Forgiveness and repentance (part 6): The pastoral dimension (iv)


(Read parts 1, 2, 3, 4 and 5.)

The time has come to conclude the pastoral dimension of the question of forgiveness being linked to repentance. The final issue is whether we are doing the wrong thing by forgiving someone because then we simply sweep the sin under the carpet and don’t challenge them, thereby removing the opportunity for them to repent. For those who have followed this discussion over the last three posts, you are probably in a position to see what my response is going to be. But we’ll briefly spell it out anyway. (more…)

Forgiveness and repentance (part 4): The pastoral dimension (ii)


(Read parts 1, 2 and 3.)

We’ve been considering the question of whether forgiveness can or should occur without repentance. Last time around, we looked at family life. Let’s turn from the everyday to the extreme. What do we say to the person who is outrageously sinned against? What do we say to the person who was abused as a child, the person who has been raped, the person who survives a murder attempt from a loved one, the person whose spouse commits adultery (and while we’re at it, given that many people think that adultery is not sufficient grounds for divorce, the view that forgiveness can only occur when there has been repentance means that we’re then left with the position that a spouse must not forgive an unrepentant adulterous spouse, but must not divorce them either—a view that people may want to champion, but they should still recognize it is somewhat weird pastoral advice), and the person who has been betrayed by someone close to them? (more…)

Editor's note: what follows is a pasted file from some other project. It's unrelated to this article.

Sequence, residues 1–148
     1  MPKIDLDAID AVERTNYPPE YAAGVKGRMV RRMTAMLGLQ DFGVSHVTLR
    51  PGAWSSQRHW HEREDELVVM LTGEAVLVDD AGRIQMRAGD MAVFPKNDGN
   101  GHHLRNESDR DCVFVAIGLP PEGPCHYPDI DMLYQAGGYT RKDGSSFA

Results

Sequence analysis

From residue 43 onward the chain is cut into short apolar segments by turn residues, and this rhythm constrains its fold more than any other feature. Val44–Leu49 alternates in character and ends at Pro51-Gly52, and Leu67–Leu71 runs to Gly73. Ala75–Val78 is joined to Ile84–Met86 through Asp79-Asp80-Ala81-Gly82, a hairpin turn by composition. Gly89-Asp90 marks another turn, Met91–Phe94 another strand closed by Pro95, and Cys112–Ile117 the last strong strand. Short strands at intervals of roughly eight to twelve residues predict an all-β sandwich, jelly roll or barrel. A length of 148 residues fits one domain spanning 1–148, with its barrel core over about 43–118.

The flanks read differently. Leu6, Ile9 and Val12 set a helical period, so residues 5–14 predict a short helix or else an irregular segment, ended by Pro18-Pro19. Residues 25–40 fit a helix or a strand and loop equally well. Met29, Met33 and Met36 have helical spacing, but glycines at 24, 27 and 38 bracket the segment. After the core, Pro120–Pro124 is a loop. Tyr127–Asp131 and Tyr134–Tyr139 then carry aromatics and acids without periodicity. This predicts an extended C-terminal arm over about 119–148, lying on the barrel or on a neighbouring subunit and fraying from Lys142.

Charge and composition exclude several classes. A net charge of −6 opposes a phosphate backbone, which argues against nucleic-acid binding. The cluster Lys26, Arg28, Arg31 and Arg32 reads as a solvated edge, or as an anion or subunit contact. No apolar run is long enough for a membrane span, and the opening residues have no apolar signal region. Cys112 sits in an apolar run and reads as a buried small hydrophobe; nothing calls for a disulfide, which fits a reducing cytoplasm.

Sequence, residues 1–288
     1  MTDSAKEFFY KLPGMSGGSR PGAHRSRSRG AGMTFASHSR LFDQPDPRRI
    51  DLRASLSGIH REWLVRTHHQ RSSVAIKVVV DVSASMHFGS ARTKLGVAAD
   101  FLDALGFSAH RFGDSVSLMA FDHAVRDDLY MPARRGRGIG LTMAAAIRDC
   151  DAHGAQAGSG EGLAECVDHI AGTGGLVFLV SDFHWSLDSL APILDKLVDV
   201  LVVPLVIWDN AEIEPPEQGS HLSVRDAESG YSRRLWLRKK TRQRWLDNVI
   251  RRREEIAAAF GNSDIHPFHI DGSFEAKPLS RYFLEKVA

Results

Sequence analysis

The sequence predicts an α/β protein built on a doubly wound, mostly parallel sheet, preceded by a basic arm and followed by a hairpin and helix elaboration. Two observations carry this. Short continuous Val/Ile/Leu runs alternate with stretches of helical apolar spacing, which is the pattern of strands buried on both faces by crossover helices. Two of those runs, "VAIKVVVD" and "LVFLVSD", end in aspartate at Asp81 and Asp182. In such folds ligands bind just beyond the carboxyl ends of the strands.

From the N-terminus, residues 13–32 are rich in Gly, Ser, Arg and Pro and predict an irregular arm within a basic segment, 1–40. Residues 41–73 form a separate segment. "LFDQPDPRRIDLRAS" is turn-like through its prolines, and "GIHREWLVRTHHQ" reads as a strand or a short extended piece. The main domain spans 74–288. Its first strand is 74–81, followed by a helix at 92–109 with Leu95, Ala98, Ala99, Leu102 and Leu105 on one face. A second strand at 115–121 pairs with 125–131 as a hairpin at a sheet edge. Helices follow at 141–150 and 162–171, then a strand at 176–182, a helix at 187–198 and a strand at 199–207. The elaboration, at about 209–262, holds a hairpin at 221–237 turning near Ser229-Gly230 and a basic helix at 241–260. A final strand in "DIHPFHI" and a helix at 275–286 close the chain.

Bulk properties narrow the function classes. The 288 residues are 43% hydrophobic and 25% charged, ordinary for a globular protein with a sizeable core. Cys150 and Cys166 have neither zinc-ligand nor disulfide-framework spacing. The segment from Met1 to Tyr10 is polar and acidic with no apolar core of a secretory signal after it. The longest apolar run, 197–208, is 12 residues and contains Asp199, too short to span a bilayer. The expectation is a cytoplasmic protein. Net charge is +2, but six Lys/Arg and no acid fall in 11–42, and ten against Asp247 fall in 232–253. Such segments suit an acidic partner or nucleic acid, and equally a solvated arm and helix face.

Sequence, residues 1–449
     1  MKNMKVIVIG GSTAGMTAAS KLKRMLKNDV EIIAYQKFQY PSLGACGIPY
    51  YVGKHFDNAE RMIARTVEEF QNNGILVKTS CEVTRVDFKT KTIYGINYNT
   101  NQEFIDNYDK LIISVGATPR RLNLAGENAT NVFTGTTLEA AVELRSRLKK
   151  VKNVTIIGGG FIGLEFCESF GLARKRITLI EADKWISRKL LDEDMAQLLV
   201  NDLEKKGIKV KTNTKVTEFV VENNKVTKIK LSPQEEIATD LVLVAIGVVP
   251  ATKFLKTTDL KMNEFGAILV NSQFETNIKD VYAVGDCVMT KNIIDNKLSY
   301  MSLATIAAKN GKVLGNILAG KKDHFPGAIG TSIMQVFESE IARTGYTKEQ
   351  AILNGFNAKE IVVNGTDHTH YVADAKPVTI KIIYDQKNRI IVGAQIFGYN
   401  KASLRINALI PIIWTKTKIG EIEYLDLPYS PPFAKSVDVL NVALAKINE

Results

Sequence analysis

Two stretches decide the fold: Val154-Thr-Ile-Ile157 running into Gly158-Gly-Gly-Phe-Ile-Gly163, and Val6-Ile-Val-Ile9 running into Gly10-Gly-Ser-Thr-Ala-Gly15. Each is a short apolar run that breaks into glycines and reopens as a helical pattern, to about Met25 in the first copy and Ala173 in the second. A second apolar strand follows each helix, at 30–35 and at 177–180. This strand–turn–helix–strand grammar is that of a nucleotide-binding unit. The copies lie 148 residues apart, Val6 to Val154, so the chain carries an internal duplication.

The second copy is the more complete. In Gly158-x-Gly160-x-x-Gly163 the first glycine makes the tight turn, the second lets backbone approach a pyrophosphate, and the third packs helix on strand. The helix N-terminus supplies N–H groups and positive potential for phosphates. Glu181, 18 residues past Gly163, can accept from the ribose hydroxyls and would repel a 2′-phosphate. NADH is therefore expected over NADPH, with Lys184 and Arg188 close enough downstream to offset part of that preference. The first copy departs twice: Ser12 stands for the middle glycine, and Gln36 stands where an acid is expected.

Forgiveness and repentance (part 3): The pastoral dimension (i)


(Read parts 1 and 2.)

In this meta-series, we have been exploring the question of whether we (and God) can or should forgive someone when they have not repented. This time around, we are going to turn our attention to some difficult pastoral situations and ask how they work when we hold that forgiveness can only take place when there has been repentance. (more…)

Forgiveness and repentance (part 2): Forgive as Christ in God forgave us


(Read part 1.)

As we head into the issue of whether we should or even can forgive someone who has sinned against us but hasn’t repented, let’s begin with one of the key principles that people raised in our first post—that we forgive others as God in Christ forgave us. As it is stated in Colossians 3:13, we are to put on compassionate hearts, kindness, humility and so on while “bearing with one another and, if one has a complaint against another, forgiving each other; as the Lord has forgiven you, so you also must forgive”. (more…)

Forgiveness and repentance (part 1): A survey of the landscape


Many moons ago, my wife wrote a post on forgiveness. One of the issues that it raised for people was whether forgiveness could take place in the absence of repentance by the offender. My dear wife kindly semi-promised people that I would one day blog on the topic :). So here we are, with a series of posts designed to unpick why I am convinced that forgiveness must take place in the absence of repentance and that this issue goes to the heart of a Reformed understanding of the biblical gospel. (more…)